Fluctuating feed prices
Feed costs are the main component of the production costs of eggs. Feed prices from three countries were collected: Denmark, the Netherlands and USA. Figure 2 illustrates the trend in feed prices of layer feed in Denmark. These are given in Danish Krones per 100 kg of feed. Here, feed prices increased between 1973 (87.8 Dkr) to a high level in 1984 (224.5 Dkr). In this period the European Union had a common market policy in which prices of feed ingredients were guaranteed by intervention prices. Starting in 1992 the EU intervention prices of grains were reduced, resulting in lower poultry feed prices. Since the liberalisation of the EU, grain market feed prices are influenced by world market prices. From 2008 onwards there was an increase in feed price. In 2012 feed prices in Denmark were at an all-time record of 229 Dkr per 100 kg.
In the Netherlands, the feed price
development was somewhat similar to Denmark. However, prices in the Netherlands nowadays, are given in euros per 100 kg of feed. Before 2002 these prices were expressed in Dutch guilders and all these prices have been recalculated into euros (2.2 guilder per euro). For the period before 1980 only five year average data were available. In the Netherlands feed prices increased between 1971 (21.5 euro) to a record high level in 1983 (32.2 euro). From 2008 there was an increase in feed price resulting in a feed price of 29.5 euro per 100 kg in 2012.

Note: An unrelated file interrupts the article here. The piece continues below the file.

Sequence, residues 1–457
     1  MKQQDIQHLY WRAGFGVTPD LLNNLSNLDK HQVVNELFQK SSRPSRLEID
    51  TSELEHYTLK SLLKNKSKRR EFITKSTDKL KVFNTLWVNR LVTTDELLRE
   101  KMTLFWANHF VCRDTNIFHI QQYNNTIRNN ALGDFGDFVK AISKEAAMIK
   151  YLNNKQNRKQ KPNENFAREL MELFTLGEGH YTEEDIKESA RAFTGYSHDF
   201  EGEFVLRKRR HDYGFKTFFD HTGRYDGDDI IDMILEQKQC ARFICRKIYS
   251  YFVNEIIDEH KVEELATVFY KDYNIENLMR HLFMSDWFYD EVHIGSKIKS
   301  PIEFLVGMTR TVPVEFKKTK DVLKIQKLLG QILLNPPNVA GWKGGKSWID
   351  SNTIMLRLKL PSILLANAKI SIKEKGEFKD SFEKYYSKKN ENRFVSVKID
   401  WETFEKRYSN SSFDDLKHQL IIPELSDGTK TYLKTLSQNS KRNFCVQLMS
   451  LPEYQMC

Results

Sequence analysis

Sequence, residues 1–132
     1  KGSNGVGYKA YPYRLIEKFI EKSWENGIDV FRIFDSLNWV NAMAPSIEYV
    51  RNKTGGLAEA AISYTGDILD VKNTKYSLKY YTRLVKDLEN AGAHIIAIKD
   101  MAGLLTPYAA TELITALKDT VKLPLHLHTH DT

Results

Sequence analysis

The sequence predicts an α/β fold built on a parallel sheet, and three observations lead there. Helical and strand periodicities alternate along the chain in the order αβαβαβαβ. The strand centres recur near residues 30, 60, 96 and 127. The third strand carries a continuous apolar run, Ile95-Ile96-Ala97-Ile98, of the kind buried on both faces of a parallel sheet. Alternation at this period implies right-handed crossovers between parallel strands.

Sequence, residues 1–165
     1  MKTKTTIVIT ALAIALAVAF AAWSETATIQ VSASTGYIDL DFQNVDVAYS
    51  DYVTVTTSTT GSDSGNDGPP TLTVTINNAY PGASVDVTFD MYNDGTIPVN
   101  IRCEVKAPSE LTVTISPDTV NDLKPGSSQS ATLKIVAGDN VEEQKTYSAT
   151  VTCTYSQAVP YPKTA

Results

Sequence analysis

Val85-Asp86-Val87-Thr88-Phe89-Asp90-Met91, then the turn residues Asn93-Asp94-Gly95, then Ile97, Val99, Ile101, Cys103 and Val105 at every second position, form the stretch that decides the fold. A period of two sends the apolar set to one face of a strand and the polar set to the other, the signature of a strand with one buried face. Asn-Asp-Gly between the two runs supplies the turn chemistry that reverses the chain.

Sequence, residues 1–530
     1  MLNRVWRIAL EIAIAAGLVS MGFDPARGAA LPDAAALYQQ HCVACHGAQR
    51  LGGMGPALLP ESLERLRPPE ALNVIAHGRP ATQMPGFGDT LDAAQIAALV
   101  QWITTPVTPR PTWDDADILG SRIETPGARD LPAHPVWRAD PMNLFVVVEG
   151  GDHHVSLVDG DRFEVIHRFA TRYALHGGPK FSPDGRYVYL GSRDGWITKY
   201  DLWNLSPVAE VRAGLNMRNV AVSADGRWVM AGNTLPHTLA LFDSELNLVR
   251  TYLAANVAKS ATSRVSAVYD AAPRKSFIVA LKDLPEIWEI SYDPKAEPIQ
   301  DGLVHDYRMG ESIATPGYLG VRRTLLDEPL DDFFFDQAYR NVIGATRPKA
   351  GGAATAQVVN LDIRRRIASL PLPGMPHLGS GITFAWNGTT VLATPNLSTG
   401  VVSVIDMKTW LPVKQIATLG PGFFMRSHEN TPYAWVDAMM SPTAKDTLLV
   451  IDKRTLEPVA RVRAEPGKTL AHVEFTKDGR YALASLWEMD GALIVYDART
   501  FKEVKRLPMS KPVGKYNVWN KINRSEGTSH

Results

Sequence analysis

No government interference
Figure 3 gives the development of the layer feed price in Southern California, USA. The feed price is given in US$ per 100 pound. Feed prices in the USA increased more steadily over time. Different from Denmark and the Netherlands, there was no price peak in the beginning of the eighties. The US feed price is based on world market prices without any government interference. The prices of layer feed increased gradually over the years from US$ 2.90 in 1962 towards US$ 8.0 per 100 pound in 2006. From 2006 feed prices increased with a peak in 2008 (US$ 13.8) and an all-time record high prices in 2012 of US$ 16.9 per 100 pounds.
Egg price variances
Egg prices were collected at farm level from the same three countries: Denmark, the Netherlands and USA.
Figure 4 gives egg prices at farm level from 1962 till 2012 in Denmark in Dkr per kg eggs. In the sixties and seventies the egg price at farm level increased from 2.8 in 1962 to 8.5 in 1984. In this year also the feed price peaked at its highest level. From 1984 onwards the egg prices decreased and prices fluctuated between years. From 2008 egg prices increased again following the rapid increase in feed price.
In the Netherlands, for a long period egg prices were fluctuating between 0.80 and 100 euro cent per kg. In 1981 the egg prices was at the highest point of 1.16 euro per kg. Since then egg prices went down, with regular fluctuations in between years. In recent years egg prices fluctuated with high egg prices in 2009 (German ban on traditional cages) and 2012 (EU ban on traditional cages).
Figure 5 gives egg prices at farm level (in US$ per dozen eggs) from 1962 till 2012 in the United States. Because there is no price range available for the 50 year period in Figure 5, two prices are given each for a different time period. Although there are differences in price level for the US and Southern California, we can analyse the development in egg price over the 50 year period. In the sixties the Southern California farm egg price was around US$ 30 per dozen. During a long period between 1973 till 2005 prices in the USA fluctuated between US$ 40 and 60 per dozen. From 2007 egg prices were at high levels.